Skip to main content

Man Sets New Speed Record for Hiking the Appalachian Trail in Just 45 Days

The Appalachian Trail may not be the longest long-distance recreational trail in North America, but it’s certainly the most iconic. Thru-hiking its 2,200 miles from Georgia to Maine typically requires six to seven months. But, one Seattle man just smashed the existing Appalachian Trail record by tackling the entire length in just 45 days.

Appalachian Trail hikers, Appalachian Trail record
Image used with permission by copyright holder

Last week, 26-year-old endurance athlete Joe McConaughy summitted Mount Katahdin (with the Instagram photo to prove it), marking the completion of his month-and-a-half-long journey. For south-to-north thru-hikers, the Maine mountain is the northern terminus of the iconic trail. The photo was the last step of a grueling trek where he averaged 48 miles per day for six-and-a-half weeks straight. Along the way, McConaughy — known on the trail as “Stringbean” — tracked his journey via GPS. Via his waypoints and regular Instagram updates, his record-setting time was verified by Peter Bakwin of the Fastest Known Time web board. Since there is no sanctioned body for keeping records set on the AT, it’s the next best thing.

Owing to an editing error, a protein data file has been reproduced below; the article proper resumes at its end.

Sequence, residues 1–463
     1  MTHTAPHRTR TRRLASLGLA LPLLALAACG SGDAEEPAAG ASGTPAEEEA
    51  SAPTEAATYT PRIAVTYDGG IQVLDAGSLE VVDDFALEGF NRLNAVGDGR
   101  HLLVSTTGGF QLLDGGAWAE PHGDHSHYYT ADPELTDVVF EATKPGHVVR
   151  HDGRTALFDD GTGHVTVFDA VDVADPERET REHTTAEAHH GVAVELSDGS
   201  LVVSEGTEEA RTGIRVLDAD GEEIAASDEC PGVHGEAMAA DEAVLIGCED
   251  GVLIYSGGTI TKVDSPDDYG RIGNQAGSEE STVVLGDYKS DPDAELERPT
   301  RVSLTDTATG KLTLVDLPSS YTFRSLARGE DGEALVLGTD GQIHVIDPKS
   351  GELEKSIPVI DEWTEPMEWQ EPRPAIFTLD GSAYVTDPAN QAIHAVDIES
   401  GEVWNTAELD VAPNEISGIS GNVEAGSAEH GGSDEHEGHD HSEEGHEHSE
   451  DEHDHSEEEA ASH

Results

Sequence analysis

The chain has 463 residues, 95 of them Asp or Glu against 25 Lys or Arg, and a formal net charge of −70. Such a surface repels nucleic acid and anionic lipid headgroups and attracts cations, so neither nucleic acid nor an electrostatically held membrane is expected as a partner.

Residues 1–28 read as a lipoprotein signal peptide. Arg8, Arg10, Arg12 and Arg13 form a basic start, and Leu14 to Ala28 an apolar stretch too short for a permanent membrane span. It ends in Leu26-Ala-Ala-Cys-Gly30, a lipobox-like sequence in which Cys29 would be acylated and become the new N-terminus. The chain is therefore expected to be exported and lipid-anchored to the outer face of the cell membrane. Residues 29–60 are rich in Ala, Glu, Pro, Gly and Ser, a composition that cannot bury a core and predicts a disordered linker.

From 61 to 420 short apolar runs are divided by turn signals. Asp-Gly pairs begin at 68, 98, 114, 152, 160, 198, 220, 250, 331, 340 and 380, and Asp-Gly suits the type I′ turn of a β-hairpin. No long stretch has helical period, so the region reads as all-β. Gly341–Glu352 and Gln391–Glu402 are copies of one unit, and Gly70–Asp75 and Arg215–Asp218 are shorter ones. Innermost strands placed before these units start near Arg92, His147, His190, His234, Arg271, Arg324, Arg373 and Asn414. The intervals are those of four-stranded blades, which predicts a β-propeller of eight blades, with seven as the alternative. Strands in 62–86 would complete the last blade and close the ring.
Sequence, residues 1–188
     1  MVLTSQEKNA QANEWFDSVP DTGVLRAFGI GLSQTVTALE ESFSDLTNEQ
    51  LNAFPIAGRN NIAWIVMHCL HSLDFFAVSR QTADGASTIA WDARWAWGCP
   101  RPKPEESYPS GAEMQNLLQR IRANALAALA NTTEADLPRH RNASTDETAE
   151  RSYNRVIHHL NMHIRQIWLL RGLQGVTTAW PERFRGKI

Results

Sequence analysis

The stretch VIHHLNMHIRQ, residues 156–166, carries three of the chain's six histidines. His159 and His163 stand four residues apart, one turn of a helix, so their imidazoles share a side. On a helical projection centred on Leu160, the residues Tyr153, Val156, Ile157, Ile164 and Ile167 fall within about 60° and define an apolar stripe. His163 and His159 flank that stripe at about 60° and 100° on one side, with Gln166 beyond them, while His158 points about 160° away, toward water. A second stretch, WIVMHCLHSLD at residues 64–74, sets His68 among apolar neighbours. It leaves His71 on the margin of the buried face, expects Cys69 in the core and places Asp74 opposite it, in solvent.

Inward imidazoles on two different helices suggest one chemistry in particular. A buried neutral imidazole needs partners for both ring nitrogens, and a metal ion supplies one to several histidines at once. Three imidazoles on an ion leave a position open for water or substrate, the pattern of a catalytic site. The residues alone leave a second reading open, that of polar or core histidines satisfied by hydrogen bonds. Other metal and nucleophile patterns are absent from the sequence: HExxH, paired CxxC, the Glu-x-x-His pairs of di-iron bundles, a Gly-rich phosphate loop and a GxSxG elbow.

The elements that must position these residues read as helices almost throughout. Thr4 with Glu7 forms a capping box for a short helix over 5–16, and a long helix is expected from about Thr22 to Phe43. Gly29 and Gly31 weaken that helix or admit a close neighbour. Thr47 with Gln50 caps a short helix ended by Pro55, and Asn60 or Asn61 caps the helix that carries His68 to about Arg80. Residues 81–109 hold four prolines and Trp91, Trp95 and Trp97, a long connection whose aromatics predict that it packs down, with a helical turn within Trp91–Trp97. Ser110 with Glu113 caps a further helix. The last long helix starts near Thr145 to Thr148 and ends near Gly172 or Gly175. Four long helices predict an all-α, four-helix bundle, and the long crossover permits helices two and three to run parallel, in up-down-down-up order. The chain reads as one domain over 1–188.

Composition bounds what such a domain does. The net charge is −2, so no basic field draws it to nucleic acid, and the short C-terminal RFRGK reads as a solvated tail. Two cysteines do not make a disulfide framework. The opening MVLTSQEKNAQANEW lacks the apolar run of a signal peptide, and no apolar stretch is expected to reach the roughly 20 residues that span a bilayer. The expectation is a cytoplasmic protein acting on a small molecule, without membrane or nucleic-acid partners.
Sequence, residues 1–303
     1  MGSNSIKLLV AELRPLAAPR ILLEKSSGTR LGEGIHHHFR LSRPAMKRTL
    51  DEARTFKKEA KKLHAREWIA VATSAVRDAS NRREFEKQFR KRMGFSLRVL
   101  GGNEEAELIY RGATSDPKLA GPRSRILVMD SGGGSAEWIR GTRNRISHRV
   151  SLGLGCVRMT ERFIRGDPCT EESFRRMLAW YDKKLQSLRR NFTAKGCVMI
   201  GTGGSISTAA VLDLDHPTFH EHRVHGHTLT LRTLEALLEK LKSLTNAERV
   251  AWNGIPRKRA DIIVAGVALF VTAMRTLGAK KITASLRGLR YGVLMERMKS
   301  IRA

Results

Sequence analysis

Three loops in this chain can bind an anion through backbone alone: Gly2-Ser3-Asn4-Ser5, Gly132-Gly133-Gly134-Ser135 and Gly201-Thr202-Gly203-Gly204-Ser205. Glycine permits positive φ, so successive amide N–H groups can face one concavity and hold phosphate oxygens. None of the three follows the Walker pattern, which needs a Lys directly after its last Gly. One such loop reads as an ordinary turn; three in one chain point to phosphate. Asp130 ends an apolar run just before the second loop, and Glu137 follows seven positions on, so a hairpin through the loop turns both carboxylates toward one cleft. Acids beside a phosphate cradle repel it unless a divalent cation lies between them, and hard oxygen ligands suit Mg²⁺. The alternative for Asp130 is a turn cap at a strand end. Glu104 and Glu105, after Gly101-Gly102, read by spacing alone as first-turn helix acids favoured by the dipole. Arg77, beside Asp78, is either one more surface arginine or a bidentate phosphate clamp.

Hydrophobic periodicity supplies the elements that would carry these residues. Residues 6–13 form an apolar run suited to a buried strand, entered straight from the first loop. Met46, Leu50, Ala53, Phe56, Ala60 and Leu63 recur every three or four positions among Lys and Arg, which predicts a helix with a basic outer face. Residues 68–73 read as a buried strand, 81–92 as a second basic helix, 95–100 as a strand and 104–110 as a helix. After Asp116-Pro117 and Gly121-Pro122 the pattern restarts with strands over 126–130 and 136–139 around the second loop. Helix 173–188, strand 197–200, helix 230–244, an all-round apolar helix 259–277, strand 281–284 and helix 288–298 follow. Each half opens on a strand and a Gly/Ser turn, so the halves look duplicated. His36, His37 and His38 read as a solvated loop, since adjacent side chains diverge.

Appalachian Trail hikers
Image used with permission by copyright holder

Stringbean fueled his days by consuming up to 10,000 calories every 24 hours. He noted that “eating was a part-time job” that involved downing 200-300 calories every hour. There were a few breaks along the way, but at night and during what little down-time he found, he ate. There were plenty of other challenges, of course. Wildlife — including rattlesnakes, bears, and tons of insects — was ever-present.